ComiXology recently announced its next wave of original comics and The Black Ghost was a standout for me, particularly because it appealed to my sensibilities as a fan of film noir and noir stories in general.

Alex Segura has made a name for himself in the noir genre with his Pete Fernandez series of private eye novels, so this comic was instantly on my radar. Joining him is co-writer Monica Gallagher, who worked with Segura on the Lethal Lit podcast. Rounding out the creative team is artist George Kambadais, colourist Ellie Wright, and letterer Taylor Esposito. I spoke to Segura and Gallagher about their book and what inspired them, working with an unconventional art style, and the Black Ghost himself.


The Beat: Alex, I know you primarily as a noir novelist, and I guess it was inevitable that you’d transition to noir comics eventually. Was this a story you had in mind or was this something you and Monica put together?

Alex Segura: A little of both. Monica and I really hit it off creatively working on Lethal Lit, the podcast we co-created/co-wrote for iHeart. She has a really great sense of story, and I felt our styles complemented each other well. I’ve always loved street-level superheroes, like Daredevil, Moon Knight, Batman, and in the same way I was driven to create my own private eye novel series – to add to that mythos – I wanted to try and do that here. I sent Monica some rough ideas – bare bones stuff, just general concepts – and she immediately added a lot, things I hadn’t even considered. Lara and The Black Ghost’s world suddenly felt more textured and unique. It became this really lively blend of nods to the past and a really modern, lively take on the idea of vigilantes and activism. So, the end result became its own unique thing, that wouldn’t have existed if Monica and I hadn’t jammed.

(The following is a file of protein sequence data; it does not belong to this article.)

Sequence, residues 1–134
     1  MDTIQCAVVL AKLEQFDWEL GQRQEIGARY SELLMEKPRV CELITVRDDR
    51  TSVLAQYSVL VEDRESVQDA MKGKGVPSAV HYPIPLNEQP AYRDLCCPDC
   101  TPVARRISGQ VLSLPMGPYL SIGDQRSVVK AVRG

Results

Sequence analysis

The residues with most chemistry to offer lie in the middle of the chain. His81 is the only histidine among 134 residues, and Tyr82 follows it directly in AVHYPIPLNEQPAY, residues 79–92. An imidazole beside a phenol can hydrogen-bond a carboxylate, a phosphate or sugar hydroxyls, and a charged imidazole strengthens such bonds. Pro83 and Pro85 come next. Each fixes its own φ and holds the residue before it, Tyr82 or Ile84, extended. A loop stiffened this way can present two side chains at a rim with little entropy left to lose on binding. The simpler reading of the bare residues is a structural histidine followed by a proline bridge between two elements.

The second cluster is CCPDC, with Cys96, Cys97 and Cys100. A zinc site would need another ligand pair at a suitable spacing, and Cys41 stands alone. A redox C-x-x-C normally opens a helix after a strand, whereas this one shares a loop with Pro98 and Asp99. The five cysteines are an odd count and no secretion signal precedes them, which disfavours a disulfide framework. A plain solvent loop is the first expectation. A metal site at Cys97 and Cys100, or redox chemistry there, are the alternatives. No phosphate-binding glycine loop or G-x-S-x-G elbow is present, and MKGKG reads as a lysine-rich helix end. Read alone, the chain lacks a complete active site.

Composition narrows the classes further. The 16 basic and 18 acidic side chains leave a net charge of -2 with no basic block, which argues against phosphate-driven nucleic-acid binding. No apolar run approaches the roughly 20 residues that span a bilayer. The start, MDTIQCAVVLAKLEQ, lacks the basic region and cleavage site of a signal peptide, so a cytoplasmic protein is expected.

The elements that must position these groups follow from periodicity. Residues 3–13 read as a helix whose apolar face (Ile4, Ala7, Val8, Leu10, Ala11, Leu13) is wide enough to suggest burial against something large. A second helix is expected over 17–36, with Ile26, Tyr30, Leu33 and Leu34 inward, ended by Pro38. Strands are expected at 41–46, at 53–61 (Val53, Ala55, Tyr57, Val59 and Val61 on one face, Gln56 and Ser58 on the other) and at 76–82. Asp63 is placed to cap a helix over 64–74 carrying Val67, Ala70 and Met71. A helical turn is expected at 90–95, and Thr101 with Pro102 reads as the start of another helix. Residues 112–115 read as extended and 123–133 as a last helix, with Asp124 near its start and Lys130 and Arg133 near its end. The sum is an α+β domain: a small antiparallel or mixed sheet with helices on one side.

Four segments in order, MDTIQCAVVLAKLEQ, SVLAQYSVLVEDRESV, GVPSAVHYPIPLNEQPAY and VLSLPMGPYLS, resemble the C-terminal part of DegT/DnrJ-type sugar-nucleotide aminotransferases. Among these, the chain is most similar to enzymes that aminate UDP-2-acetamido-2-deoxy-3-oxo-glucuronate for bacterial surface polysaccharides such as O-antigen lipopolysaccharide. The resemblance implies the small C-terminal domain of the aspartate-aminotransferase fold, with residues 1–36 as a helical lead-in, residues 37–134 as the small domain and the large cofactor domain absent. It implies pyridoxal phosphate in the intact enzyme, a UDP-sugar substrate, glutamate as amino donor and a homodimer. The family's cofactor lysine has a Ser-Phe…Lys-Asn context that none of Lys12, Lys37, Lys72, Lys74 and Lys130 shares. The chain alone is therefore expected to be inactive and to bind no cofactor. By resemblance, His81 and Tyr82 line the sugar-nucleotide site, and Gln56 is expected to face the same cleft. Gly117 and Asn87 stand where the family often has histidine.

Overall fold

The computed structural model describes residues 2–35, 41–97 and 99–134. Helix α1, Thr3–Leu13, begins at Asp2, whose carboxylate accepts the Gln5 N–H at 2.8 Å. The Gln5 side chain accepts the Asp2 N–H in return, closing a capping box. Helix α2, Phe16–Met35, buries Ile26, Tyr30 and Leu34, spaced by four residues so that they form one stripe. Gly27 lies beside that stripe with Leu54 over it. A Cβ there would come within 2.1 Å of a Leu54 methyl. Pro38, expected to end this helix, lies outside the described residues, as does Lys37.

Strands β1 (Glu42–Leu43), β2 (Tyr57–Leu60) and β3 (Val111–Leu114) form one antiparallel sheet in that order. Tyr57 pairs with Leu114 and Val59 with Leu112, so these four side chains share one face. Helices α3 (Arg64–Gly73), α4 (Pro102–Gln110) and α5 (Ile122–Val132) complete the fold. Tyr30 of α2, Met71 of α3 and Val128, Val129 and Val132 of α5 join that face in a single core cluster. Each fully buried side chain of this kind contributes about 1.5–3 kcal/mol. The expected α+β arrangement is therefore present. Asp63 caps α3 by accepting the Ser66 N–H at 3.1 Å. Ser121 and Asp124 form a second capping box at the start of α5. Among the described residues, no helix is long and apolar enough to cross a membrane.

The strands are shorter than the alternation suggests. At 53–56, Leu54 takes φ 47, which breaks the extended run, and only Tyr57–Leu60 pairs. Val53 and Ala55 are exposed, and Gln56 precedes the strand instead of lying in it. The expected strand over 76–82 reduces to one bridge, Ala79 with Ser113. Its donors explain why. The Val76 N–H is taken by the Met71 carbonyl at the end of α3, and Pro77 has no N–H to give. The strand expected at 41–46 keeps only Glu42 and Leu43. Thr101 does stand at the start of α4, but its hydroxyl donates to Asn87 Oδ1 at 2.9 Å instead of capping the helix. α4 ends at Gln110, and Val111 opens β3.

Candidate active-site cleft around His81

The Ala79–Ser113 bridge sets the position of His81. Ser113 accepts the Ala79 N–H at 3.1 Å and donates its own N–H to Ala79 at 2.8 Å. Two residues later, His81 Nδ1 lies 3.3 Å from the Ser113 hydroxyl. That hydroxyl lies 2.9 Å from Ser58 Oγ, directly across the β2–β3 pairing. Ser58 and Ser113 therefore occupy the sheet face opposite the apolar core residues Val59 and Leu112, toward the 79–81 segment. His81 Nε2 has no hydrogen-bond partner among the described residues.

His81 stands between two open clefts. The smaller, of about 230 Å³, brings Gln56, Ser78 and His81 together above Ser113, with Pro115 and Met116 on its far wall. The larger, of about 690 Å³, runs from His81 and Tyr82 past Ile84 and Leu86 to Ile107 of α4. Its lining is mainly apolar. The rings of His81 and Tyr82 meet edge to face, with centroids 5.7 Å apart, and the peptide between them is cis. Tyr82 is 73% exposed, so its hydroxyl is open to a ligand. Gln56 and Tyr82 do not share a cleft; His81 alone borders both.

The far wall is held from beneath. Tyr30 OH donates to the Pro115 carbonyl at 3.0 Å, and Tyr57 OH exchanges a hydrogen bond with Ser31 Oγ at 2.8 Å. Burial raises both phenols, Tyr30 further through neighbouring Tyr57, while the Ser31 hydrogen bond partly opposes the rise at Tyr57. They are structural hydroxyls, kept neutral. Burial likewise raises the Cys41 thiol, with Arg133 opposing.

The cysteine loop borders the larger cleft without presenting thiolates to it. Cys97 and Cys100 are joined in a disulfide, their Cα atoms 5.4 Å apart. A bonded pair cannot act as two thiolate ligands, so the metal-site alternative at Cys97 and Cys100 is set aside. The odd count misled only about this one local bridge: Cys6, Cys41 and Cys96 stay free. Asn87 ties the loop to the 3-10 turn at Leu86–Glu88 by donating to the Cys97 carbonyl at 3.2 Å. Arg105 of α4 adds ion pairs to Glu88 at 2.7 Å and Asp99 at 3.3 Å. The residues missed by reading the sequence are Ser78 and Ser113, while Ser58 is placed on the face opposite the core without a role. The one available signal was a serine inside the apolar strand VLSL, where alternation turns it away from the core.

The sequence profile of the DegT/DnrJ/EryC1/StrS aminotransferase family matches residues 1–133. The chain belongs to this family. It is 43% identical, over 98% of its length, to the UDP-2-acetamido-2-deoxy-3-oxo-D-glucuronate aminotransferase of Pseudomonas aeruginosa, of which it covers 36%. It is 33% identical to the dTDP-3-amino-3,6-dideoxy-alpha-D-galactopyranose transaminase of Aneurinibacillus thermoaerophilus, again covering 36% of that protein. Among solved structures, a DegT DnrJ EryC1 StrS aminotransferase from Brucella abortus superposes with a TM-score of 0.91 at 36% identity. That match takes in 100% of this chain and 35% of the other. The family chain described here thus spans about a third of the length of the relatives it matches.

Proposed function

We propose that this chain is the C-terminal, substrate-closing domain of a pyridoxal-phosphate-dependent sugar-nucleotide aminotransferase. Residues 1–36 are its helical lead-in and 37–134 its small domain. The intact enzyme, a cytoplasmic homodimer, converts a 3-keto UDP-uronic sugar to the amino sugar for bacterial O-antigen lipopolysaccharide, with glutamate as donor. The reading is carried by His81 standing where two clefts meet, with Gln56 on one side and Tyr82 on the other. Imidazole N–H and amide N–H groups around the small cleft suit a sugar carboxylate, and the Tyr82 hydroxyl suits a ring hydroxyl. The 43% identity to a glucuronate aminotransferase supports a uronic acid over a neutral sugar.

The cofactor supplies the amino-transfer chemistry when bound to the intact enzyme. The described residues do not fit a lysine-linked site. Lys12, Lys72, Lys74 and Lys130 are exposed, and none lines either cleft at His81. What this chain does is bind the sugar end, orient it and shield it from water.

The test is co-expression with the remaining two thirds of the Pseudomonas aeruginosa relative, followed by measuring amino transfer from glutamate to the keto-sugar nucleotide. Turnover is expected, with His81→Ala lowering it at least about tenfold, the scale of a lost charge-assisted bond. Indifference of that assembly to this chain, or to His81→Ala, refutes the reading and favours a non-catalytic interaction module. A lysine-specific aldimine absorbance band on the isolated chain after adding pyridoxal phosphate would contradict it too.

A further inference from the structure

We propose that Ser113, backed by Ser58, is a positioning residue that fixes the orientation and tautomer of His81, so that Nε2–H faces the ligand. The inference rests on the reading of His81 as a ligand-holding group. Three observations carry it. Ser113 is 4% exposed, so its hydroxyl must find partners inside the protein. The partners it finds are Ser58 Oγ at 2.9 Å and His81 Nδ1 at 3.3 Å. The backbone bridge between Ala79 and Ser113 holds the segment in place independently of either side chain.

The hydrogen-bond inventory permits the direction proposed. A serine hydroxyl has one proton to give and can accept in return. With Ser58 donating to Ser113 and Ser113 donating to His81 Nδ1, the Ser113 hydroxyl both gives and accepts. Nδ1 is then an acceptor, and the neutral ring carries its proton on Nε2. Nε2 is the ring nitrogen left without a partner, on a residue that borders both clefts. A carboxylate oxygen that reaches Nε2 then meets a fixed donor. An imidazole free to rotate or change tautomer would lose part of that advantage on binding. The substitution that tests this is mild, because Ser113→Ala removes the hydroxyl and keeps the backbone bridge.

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Monica Gallagher: Alex and I had such a blast working on Lethal Lit together, and we always had it in the back of our mind to try our hand at collaborating on something comics related, since that’s where we both come from. With The Black Ghost, he already had some ideas and I came on the scene to see what I could ruin… I mean, add to! I love vigilante stories in general, but it was important to me we do something new, and accessible, and complicated. And I think with The Black Ghost we not only have that, it’s going to continue to grow and surprise us. In hopefully delightful ways to the readers!

The Beat: I’m glad you used the word “accessible” because I think that’s the perfect term to describe this comic. Noir fans will love this but anyone new to the genre will get a kick out of it as well. Was accessibility something you both discussed when teaming up for this project?

Gallagher: I think we’re both always looking for ways to expand the audience of comics in general, and each of our work in particular. But one thing I remember hearing about Jessica Jones when it came out on Netflix, was a lot of women were watching it who self-identified as “not being into comics or vigilante heroes.” Since it was released after Daredevil, this was one of the first stories that struck people as not a superhero show, but a crime/private eye show with fantastic elements, because it was such a powerful story about dealing and living with trauma. I think there are still a lot of people who view comics/superheroes as a genre rather than an element of the genre, so the more we can create characters to hopefully transcend that assumption, the better!

The Beat: Alex, how has it been working with Monica as co-writer? I was glad to see you two reunite after Lethal Lit.